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Maximizing Stock Option Value: The Tax Consequences

Contributed by mm | January 11, 2010 1:03 AM PST

6390-esop.jpg(This is the third installment of the employee stock option (ESOP) discussion. Please refer to Part 1 and Part 2 for the context of the discussion.)

As we concluded in Part 2, if you are considering to exercise your employee stock option (ESOP) today, it is always a better idea to adopt a write-a-call strategy to fully extract the remaining time value of your ESOP grant. In our hypothetical example, one can improve gross proceeds by over 10%.

In Part 2, we didn't explore the after-tax impact. The tax impact is tweaking the balance significantly, for the better.

Several key parameters to keep in mind:

1) Employee Stock Options is usually taxed as ordinary income when the employee exercises the option and chooses to receive cash proceeds.

2) When you trade option in the open market, the resultant profit or loss are treated as capital gains/losses. That is, short-term capital gains are taxed at ordinary income tax rate, while long-term capital gains will receive preferential treatment up to 20%. Any tax gain can be used to offset capital loss carry-over from prior tax years.

In my case, the gap between these two taxing mechanism is truly wide. For me, the marginal tax rate on ordinary income is about 40%. But in the case of capital gains, I, like many investors who were burnt hard in 2008, has a huge capital loss carry-over to lean to. Therefore, my next $100,000 capital gains will be tax-free. Also, if you implement the write-a-call strategy by writing a LEAP option (which usually spans more than a year), it will be taxed at long-term capital gain rate even if you don't have a capital loss carry-over base.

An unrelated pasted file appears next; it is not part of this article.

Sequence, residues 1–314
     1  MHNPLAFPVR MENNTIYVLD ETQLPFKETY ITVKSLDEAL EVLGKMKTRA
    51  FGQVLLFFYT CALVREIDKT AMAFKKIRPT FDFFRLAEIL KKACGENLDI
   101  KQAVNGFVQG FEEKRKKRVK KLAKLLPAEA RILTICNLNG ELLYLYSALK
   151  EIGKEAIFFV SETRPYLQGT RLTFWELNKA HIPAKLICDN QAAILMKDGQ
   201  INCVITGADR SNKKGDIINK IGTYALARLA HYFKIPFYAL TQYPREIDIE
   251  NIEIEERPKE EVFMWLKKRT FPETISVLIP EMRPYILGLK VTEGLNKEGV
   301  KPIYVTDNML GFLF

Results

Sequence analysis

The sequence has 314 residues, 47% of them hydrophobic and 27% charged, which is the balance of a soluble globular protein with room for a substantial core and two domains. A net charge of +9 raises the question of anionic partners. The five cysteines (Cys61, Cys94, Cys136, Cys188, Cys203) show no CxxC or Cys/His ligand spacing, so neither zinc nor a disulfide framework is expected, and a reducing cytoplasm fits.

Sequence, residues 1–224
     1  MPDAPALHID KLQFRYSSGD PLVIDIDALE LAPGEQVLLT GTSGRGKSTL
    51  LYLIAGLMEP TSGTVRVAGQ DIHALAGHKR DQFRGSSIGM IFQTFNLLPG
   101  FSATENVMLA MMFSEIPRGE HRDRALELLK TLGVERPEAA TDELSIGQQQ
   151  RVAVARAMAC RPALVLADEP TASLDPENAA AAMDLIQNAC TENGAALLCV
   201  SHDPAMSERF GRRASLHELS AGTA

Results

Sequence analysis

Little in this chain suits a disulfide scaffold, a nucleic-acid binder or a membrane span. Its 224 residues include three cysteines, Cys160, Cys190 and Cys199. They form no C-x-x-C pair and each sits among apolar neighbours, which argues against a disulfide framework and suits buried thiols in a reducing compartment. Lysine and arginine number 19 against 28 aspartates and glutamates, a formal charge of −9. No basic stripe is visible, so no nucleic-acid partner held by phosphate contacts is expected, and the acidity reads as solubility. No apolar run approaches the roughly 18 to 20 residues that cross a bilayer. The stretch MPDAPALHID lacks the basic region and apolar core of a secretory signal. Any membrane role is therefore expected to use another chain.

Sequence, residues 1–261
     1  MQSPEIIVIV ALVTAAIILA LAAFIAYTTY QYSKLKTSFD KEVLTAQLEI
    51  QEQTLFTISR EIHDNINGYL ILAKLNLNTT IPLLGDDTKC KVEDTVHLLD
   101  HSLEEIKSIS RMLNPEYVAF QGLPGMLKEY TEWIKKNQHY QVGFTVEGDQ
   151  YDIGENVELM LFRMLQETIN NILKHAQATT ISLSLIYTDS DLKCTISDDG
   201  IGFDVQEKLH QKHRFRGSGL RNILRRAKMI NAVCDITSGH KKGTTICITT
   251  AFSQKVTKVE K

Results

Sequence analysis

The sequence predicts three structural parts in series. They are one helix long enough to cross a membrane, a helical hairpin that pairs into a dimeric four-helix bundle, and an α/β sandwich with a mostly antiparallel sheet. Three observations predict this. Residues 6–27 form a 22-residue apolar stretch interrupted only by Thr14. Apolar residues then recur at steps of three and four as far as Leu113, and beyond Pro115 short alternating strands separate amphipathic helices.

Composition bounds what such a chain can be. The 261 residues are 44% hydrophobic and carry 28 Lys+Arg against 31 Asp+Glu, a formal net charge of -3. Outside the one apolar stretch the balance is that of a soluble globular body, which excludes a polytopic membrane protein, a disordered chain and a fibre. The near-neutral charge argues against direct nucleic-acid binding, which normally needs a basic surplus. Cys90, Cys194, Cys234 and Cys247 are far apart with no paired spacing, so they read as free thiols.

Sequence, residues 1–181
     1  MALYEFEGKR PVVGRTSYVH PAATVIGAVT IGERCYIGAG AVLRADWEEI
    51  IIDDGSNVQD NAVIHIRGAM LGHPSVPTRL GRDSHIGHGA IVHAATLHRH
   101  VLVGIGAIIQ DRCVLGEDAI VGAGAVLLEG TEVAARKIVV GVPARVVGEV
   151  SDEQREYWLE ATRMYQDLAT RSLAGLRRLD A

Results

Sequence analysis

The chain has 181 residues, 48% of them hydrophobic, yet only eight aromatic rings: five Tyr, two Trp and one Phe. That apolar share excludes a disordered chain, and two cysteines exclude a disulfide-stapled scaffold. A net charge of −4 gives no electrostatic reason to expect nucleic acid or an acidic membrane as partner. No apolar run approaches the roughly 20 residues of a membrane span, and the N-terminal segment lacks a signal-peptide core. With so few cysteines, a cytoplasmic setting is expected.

Let's model the after-tax impact based on these descriptions. For practical modeling purposes, I use 40% as the ordinary income tax rate for gross proceeds from stock option, and use 10% as the effective tax rate on the gains or losses from my open market transaction. (The latter works both ways -- if you lose money in the open market, you effectively increase your capital loss carry-over amount, which will save your tax dollars in future years.)

6393-22-contracts.jpg

As a reminder, we calculated that the after-tax net proceeds if one chooses to exercise the employee stock option (ESOP) upfront is $10,138 x (1 - 40%) = $6,083. If the underlying stock will still change hands at $31 apiece a year from now, one will pocket $9,449 on an after-tax basis, which will be a jaw-dropping 55% improvement over the upfront exercise scenario.

One may readily point out that if the stock price shoots over the room to more than $37, our strategy will backfire. That's because we choose to write 22 contracts to fully cover our exposure on a gross proceeds basis. Since the tax consequences skews the math, one can develop an after-tax Pareto improvement by writing slightly less contracts in the open market. Here is the math if one chooses to write only 17 contracts to hedge the 2,222 ESOP options.

6393-17-contracts.jpg

Full disclosure: yours truly has put his money where his mouth is by writing a few calls last week.

6393-transaction.jpg

This Post Has Received 6 Comments. Share Your Opinions Too.


John Olagues Commented on January 11, 2010

You will find all the best strategies to manage your employee stock options at

http://www.wiley.com/WileyCDA/WileyTitle/productCd-0470471921,descCd-google_preview.html

John Olagues


MM Commented on January 11, 2010

Very good book. Thank you for recommending that! Just snapped a copy at Amazon.


AB01 Commented on January 11, 2010

Some/most employers have policies against writing calls and puts on their stock. Best to check the employee policy closely - one's job is not worth it.


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house hotel port appin Commented on June 7, 2010

Ive been reading along for a while now.
Goodbye


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